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Transactions of the 72nd North American Wildlife and Natural Resources Conference


Held March 20 to 24, 2007 in Portland, Oregon


Opening Session. Plotting the Course of Conservation: Where It's Been and Where It's Going

Welcome and Opening Remarks, Steven A. Williams

Remarks of the Secretary of the U.S. Department, Dirk Kempthorne

Remarks of Richard Louv, Richard Louv

Session One. Conservation and the Fuels Game

Renewable and Nonrenewable Energy Resources on the North American Landscape, Mark D. Myers

Energy Development and the Fish and Wildlife Trade-offs, John Baughman

Learning from Experience: How to Enhance the Future for Wildlife during Prolonged Energy Development, Rollin D. Sparrow and Steven R. Belinda

Renewable Energy Resources and Wildlife: Impacts and Opportunities, Edward B. Arnett, M. Dale Strickland and Michael L. Morrison

Session Two. Future Change in U.S. Forests and Implications for Wildlife

U.S. Land-use Changes Involving Forests: Trends and Projections, Ralph J. Alig

Forest Development across the United States and Implications for Wildlife Susan M. Stein, Marcos D. Robles, Eric M. White and Sara J. Comas

Georgia's Wildlife Action Plan: Conservation Actions to Address Forest Development, Mike J. Harris, Jonathan P. Ambrose, Mathew J. Elliott and Christopher G. Canalos

Session Three. Targets of Opportunity: State Wildlife Action Plans

Wildlife Action Plans: An Unprecedented Opportunity for Wildlife Conservation Partnerships, Richard J. Beach, Elizabeth Rodrick and Christina L. Sato

Collaborative Implementation of Nebraska's Wildlife Action Plan: The Nebraska Natural Legacy Project, Steven P. Riley and Mark Humpert

Integrating Wildlife Action Plans with Transportation Planning and Projects: A First Look, Mark Van Putten and David G. Burwell

Session Four. Communicating Effectively about Aquatic Nuisance Species: Compilation of Aquatic Nuisance Species Workshop Abstracts and Presentations

Summary, Phil Seng

Session Five. Predators and Prey: Integrating Predator and Prey Management to Achieve Conservation Objectives

Culling Mountain Lions to Protect Ungulate Populations - Some Lives are More Sacred Than Others, Eric M. Rominger

Prey Specialization by Individual Cougars in Multi-Prey Systems, Kyle Knopff and Mark S. Boyce

Effects of White-tailed Deer Expansion and Cougar Hunting on Cougar, Deer and Human Interactions, Robert B. Wielgus, Hugh S. Robinson and Hilary S. Cooley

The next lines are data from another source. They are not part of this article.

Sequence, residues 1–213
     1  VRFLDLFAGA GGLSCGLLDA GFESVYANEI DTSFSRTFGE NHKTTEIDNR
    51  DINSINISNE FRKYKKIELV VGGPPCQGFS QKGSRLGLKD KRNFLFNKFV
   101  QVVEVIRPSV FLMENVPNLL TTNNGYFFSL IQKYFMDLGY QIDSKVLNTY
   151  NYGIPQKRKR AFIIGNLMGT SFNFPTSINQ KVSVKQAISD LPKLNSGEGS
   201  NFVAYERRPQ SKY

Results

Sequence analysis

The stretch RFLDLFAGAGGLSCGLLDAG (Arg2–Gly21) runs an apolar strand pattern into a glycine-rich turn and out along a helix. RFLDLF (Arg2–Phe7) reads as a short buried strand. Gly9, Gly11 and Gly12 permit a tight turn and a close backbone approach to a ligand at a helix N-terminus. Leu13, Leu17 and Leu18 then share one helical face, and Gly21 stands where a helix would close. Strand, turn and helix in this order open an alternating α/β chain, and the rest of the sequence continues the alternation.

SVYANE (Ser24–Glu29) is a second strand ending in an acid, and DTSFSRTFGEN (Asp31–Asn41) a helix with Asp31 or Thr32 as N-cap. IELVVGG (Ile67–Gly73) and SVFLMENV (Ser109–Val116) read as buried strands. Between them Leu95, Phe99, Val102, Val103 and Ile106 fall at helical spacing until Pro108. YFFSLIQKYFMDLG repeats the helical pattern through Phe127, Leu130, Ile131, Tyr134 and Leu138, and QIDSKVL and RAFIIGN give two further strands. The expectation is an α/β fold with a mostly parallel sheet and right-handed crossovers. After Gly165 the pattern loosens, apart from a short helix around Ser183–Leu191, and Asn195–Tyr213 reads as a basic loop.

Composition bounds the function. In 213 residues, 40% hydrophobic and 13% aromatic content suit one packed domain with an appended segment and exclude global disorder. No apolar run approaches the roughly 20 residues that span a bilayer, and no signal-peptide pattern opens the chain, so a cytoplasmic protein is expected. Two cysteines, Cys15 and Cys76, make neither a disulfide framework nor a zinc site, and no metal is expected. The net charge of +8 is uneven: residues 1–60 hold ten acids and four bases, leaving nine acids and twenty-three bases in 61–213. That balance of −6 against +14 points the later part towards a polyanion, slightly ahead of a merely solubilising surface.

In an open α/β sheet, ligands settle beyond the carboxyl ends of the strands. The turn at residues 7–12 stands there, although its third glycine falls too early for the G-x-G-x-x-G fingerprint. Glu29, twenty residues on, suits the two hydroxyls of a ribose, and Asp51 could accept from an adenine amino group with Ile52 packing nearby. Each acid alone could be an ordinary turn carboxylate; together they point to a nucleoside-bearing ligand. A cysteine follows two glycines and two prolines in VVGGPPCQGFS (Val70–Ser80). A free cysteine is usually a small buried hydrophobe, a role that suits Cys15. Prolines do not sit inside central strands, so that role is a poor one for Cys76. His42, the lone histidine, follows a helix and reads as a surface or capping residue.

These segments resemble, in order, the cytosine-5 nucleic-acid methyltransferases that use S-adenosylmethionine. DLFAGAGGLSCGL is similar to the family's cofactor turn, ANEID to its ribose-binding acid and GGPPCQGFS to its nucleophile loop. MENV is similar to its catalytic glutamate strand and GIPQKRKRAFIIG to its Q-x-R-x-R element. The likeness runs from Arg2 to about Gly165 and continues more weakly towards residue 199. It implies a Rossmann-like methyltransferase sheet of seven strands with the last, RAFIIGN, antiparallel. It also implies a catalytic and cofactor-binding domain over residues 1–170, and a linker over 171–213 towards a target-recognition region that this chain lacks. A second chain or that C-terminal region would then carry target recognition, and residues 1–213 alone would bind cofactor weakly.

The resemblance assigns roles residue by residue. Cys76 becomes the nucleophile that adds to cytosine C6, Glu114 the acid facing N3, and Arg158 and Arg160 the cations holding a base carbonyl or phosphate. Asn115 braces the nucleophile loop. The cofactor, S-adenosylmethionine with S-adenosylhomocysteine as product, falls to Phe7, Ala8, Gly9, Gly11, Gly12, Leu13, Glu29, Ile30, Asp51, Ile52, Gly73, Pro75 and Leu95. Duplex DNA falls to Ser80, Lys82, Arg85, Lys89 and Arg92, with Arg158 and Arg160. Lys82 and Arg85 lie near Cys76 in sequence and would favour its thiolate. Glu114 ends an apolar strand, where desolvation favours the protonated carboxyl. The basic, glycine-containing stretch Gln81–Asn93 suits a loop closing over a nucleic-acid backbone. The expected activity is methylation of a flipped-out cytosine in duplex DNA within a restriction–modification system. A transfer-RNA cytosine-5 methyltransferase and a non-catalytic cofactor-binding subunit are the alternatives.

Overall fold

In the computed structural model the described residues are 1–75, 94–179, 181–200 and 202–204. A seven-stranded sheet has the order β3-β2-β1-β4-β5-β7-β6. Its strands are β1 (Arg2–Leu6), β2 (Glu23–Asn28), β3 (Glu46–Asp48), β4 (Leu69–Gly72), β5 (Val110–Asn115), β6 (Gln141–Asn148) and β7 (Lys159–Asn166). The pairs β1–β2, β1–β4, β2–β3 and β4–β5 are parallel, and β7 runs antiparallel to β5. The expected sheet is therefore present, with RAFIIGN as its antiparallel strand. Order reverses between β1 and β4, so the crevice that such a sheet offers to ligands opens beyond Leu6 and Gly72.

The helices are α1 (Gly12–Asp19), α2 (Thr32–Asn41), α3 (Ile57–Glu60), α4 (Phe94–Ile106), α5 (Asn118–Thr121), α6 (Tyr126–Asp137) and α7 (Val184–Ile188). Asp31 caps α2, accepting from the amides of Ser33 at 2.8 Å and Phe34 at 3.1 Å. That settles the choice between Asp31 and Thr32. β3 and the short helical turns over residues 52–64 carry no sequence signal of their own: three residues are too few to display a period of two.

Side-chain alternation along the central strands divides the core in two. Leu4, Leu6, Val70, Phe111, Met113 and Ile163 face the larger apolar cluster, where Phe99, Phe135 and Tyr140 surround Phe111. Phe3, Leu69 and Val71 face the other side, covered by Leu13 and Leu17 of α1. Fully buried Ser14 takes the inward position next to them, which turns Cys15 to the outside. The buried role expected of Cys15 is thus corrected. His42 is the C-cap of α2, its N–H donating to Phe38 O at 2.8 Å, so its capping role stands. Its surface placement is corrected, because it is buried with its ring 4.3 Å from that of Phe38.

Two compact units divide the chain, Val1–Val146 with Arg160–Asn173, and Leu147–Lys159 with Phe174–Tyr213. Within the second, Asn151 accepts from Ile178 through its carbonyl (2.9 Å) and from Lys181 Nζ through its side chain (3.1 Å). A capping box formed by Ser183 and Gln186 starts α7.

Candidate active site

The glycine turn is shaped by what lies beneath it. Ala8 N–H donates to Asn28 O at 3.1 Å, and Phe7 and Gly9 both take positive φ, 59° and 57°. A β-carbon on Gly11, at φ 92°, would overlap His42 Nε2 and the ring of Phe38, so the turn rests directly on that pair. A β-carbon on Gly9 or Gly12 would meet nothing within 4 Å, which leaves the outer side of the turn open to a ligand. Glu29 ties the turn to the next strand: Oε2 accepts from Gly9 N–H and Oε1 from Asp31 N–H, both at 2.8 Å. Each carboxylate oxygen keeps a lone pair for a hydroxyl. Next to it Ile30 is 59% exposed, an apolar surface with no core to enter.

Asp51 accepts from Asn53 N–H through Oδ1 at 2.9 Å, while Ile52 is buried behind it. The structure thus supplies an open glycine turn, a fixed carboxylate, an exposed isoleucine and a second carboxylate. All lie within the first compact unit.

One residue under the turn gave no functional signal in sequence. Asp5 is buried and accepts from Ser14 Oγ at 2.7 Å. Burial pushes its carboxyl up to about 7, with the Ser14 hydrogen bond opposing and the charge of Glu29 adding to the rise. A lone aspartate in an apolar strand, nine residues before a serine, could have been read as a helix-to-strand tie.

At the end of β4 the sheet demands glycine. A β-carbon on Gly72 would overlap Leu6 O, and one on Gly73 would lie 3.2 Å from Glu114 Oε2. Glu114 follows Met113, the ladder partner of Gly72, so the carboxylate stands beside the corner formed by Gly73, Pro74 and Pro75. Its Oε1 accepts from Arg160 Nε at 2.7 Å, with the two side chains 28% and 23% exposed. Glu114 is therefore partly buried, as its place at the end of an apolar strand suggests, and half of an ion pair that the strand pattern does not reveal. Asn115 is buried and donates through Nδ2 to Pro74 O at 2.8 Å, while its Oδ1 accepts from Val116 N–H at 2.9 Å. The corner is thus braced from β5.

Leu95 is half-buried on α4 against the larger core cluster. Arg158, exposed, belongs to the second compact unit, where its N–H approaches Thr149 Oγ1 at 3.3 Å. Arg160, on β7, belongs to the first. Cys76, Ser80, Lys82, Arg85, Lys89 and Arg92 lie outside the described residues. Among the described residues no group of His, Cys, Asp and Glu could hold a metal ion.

Role of State Wildlife Agencies in Managing Mountain Lions, Terry M. Mansfield

Reducing Populations of Medium Size Mammalian Predators to Benefit Waterfowl Production in the Prairie Pothole Region, Frank C. Rohwer and Jim Fisher

Impacts of Predators on Northern Bobwhites in the Southeast, John P. Carroll, Susan N. Ellis-Felege and William E. Palmer

Impacts of Predation on Greater Sage-grouse in Strawberry Valley, Utah, Rick J. Baxter, Kevin D. Bunnell, Jerran T. Flinders and Dean L. Mitchell

Integrating Science with On-the-ground Management: A Two-state Plan for Ground-nesting Birds, Roger Hollevoet and Cami Dixon

The Good, the Bad and the Ugly, Depending on Your Perspective, Carter C. Niemeyer

Societal and Ecosystem Benefits of Restored Wolf Populations, Amaroq E. Weiss, Timm Kroeger, J. Christopher Haney and Nina Fascione

Elk and Predation in Idaho: Does One Size Fit All?, Peter Zager, Craig White, George Pauley and Mark Hurley

Cause-specific Mortality of Rocky Mountain Elk Calves in Westcentral Montana, Nyeema C. Harris, Daniel H. Pletscher and Mike Thompson

Predator-Prey Management in the National Park Context: Lessons from a Transboundary Wolf, Elk, Moose and Caribou System, Mark Hebblewhite

Intensive Management of Wolves and Ungulates in Alaska, Kimberly Titus

Policy Issues Regarding Wolves in the Great Lakes Region, James Hammill

Policy Issues Related to Wolves in the Northern Rocky Mountains, Christian A. Smith and Carolyn A. Sime

Published annually since 1915, the Transactions of the North American Wildlife and Natural Resources Conference provide a unique and informative record of the direction and momentum of professional natural resource management. Tracking current research and management emphases and the perspectives and approaches to meeting the challenges to sustaining and conserving North America's wildlife and their habitats, the Transactions is a valuable reference for all who deal with the complexities and intricacies of natural resource issues, policies and programs.

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